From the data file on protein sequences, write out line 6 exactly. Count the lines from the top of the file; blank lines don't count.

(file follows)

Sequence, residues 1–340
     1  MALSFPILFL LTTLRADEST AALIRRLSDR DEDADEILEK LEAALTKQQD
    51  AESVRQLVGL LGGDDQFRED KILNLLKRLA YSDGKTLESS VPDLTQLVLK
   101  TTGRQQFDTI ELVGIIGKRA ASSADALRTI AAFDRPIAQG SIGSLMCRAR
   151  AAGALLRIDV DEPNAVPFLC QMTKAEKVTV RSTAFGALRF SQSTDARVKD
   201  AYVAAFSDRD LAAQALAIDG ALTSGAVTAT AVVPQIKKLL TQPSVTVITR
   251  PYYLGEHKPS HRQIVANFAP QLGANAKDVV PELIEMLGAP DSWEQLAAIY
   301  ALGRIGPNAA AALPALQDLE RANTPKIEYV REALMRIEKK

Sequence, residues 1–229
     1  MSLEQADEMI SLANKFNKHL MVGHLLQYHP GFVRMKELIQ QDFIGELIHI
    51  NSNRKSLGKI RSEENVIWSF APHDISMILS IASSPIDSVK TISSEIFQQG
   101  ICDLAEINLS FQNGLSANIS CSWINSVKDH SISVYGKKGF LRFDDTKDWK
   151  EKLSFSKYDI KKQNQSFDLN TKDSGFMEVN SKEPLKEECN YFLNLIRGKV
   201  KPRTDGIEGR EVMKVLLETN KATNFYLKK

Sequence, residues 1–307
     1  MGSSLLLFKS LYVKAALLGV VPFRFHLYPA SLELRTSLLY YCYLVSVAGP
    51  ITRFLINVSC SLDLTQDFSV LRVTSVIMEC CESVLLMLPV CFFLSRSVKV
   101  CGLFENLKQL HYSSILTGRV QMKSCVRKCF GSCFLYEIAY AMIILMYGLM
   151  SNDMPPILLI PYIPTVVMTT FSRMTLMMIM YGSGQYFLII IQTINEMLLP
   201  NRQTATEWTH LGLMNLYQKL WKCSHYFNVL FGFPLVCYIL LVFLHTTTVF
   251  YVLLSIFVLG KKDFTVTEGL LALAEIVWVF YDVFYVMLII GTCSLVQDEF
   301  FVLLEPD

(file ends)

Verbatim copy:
   201  AYVAAFSDRD LAAQALAIDG ALTSGAVTAT AVVPQIKKLL TQPSVTVITR